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Slumdog Millionaire

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Redemption in the slums

Directed by Danny Boyle and Loveleen Tandan

We didn’t know much about the movie Slumdog Millionaire, except that it was critically acclaimed and about a kid from the slums of Mumbai. As we stepped out of the theatre into the dark of another Delhi evening, we were reminded that the world on the screen was not far from the reality in which we presently live: India, in all its glory and shame.

With its graphic portrayal of abuse in the lives of several children from the slum, the gripping movie drew us through the familiar story of redemption. Every day, we look into the eyes of kids like those. One young man we know grew up in a slum nearby, but through his own motivation, the help of others, and the grace of God, has experienced radical changes in his life. Though stories like his won’t make the silver screen, his story is an inspiration.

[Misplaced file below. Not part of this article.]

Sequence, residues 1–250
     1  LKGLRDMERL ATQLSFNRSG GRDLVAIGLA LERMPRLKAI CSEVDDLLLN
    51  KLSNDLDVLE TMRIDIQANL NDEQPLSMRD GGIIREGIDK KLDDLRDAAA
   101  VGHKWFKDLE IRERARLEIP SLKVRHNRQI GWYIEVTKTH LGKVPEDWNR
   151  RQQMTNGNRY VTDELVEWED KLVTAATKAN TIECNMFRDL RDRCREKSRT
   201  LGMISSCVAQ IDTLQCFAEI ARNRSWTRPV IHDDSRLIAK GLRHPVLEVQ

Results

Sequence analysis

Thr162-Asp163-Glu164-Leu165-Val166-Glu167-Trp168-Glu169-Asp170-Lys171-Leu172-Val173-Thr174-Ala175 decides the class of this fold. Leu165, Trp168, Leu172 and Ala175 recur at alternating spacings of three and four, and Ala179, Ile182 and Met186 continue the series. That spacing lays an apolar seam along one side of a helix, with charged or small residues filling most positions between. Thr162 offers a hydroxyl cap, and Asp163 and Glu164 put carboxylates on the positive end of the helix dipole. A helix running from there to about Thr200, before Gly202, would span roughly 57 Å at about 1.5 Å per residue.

Slumdog Millionaire deals with themes that touch our hearts. At the core of the story is Jamal’s stubborn love for fellow slum dweller Latika, his refusal to forget her, and his plan to be reunited with her. In the end, he not only saves her but wins millions. Sure, it’s a movie, but it’s hard not to cheer.

Everyone wants to be loved as Latika was loved by Jamal. (Everyone wants to win a million too, but the need for love is greater.) The TV game show is a vehicle to get her back – Jamal’s prize is Latika herself; the money is merely a bonus.

I couldn’t help but think afterwards, that Jamal’s love for Latika is not unlike God’s love for us. We are, like Latika, in bondage, and the coming of Jesus is God’s plan of salvation. God’s love for humankind is unconditional and undying. Just as Jamal could not forget Latika, God cannot forget us. Just as Jamal did what it took to win her back, God has done that for us in Jesus Christ. Just as Jamal pursued Latika, God pursues us, convincing us about his love.

Despite our gravest sins and blatant shortcomings, we’re saved by grace, loved, and blessed. Like “wretch” John Newton in “Amazing Grace,” we gladly use derogatory terms for ourselves to emphasize the depth of God’s love and the extent of the blessings we’ve received from him. In that way, we could say that we’re not only “slumdogs” before God, but in Christ, we’re slumdog millionaires!

—Mark Klassen lives and works in New Delhi, India.

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